The Qatar Investment Authority is understood to want to increase its stake in the London Stock Exchange, possibly by trying to buy the holding owned by its rival, the Dubai Borse. Sources close to the exchange say that Qatar, which owns a 14 per cent shareholding, is interested in picking up Dubai's 20 per cent stake, which it bought last year from Nasdaq after the US exchange's failed bid for the LSE.
LSE chairman Chris Gibson-Smith is close to the Qataris and was instrumental in bringing in the sovereign fund as an investor to help the exchange stabilise its shareholdings after the fraught Nasdaq bid. The Qatar Investment Authority, worth around £31bn, tried to buy Nasdaq's stake but was beaten to it by Dubai Borse, which, in a complex deal, ended up with a 19.9 per cent stake in Nasdaq, making it the biggest investor in two of the world's largest exchanges.
But the Qataris then stunned the market with a share-buying raid, snapping up 20 per cent at £16 a share, £2 above the price paid by Dubai to Nasdaq. Its stake is now diluted to 14 per cent following the merger with Borsa Italiana.
Now Qatar is said to be keen to raise its stake. Sources say it may even be contemplating a bid for the LSE, which is valued at £4.7bn. However, Dubai Borse, led by the Swede Per Larsson, is a more likely buyer of LSE shares than a seller. Mr Larsson, who as chief executive of the Swedish OMX exchange once bid for the LSE, is also known to be keen to expand Dubai's financial muscle and has London in his sights. Other big shareholders include Italy's Unitcredito, Intesa SanPaolo and France's Crédit Agricole, each with about 5 per cent.
Clara Furse, the LSE's chief executive, has now defended the exchange against five takeover bids in as many years. She has argued throughout that the LSE is worth at least £20 a share and that it will be a leader in the wave of consolidation taking place in the exchange world. Shares in the LSE, whose codename during take- over bids is David, had fallen to £17.42p on Friday after recent highs of £20.02p.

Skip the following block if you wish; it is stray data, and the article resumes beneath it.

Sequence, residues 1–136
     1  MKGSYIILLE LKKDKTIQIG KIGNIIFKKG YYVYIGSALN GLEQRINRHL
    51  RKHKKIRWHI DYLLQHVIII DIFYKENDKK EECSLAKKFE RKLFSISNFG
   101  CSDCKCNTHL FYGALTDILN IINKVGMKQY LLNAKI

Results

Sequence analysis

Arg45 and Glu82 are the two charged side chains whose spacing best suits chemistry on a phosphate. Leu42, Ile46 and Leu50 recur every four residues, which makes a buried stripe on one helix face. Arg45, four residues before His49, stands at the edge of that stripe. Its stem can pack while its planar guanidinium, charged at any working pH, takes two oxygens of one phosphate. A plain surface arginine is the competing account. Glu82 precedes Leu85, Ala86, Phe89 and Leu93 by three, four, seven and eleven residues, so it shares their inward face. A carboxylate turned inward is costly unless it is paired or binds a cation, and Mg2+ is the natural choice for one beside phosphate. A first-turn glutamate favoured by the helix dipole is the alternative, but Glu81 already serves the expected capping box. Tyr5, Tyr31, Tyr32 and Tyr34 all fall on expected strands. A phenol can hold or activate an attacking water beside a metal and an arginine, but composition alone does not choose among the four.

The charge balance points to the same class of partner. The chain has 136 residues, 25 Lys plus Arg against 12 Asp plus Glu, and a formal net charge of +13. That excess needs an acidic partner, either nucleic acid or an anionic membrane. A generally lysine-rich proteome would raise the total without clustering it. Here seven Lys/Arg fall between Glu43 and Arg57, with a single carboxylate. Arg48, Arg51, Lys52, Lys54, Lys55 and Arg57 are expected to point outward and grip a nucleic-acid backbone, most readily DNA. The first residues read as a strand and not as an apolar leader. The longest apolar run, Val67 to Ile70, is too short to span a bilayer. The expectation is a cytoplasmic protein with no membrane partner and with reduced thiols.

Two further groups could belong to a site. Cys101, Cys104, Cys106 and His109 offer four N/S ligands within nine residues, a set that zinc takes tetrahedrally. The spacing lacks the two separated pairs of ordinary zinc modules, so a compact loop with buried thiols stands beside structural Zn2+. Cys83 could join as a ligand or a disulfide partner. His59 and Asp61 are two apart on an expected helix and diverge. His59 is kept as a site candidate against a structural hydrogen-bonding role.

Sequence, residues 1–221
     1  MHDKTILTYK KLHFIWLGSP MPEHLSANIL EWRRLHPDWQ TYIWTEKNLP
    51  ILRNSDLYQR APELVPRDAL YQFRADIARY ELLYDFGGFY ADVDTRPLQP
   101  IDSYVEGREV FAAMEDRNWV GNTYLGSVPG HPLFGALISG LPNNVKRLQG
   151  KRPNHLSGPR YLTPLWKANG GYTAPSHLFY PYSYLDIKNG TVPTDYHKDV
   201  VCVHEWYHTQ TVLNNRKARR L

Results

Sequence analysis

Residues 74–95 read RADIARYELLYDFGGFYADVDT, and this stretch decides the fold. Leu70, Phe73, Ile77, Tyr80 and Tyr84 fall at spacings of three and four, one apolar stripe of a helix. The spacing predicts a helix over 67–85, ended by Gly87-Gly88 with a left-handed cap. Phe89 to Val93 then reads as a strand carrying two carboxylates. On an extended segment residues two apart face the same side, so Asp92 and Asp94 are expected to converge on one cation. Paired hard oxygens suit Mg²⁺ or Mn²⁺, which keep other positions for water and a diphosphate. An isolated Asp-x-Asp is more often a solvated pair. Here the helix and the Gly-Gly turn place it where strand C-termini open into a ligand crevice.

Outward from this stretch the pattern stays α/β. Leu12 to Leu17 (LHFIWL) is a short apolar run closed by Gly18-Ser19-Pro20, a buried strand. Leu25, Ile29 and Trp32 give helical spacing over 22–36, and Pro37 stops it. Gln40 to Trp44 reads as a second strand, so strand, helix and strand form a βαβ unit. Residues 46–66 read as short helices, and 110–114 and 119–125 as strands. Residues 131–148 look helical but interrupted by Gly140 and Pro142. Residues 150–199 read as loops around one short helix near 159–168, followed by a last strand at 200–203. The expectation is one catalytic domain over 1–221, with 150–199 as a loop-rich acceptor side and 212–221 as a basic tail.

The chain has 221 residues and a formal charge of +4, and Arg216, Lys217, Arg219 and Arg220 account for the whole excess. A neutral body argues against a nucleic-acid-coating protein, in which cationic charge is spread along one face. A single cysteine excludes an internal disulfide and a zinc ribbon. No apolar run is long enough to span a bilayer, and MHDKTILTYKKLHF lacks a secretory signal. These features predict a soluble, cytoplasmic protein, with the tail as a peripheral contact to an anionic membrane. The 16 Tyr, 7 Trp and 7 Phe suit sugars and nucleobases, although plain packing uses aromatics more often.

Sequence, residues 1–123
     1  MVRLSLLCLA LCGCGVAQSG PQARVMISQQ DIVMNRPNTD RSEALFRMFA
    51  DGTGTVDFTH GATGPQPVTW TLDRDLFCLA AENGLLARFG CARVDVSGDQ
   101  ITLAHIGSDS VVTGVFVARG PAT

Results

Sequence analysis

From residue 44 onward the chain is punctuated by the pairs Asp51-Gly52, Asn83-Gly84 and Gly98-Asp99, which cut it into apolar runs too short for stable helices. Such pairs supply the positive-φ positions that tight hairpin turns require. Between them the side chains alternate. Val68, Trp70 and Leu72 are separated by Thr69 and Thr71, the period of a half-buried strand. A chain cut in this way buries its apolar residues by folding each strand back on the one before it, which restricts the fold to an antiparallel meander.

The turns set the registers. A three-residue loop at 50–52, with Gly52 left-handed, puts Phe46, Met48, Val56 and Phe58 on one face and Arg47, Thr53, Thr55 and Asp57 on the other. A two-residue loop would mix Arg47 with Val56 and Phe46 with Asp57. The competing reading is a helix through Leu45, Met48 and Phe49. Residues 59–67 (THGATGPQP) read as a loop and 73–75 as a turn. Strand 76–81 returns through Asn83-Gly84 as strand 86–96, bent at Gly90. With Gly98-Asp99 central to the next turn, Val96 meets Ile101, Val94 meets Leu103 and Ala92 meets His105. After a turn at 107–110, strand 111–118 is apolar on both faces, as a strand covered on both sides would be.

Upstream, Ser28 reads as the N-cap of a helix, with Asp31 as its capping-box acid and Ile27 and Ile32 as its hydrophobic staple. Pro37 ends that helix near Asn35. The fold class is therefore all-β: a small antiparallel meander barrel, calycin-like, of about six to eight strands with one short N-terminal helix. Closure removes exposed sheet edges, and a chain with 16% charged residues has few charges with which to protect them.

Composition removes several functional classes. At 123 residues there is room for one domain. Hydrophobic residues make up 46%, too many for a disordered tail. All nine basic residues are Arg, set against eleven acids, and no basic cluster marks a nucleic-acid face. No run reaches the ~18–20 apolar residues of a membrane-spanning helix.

In another move, sources say there have been private talks between LSE advisers and the Bolsas y Mercados Espanoles, owner of the Madrid stock exchange, about a possible merger. One source said: "Both sides were interested in doing a deal but they failed at that stage because there were a number of obstacles. One was the price the Spanish bank shareholders wanted, and the other was the fear that integrating another exchange, so quickly after just having absorbed the Milan exchange, would be too onerous on the LSE."
The BME, which owns the Madrid, Barcelona, Bilbao and Valencia bour-ses, is the world's seventh-biggest equities exchange and Europe's fourth-biggest equity derivatives exchange. Its shares are €42, valuing it at £2.6bn. The BME also has €450m of cash.
One of Spain's top businessmen, Oscar Fanjul, chairman of energy giant Repsol, is on the LSE board alongside five Italians. A source said: "Adding Madrid to London still makes commercial sense. You never know, in these markets the talks may even be revived."
The LSE said there had been no formal talks at board level.Reuse content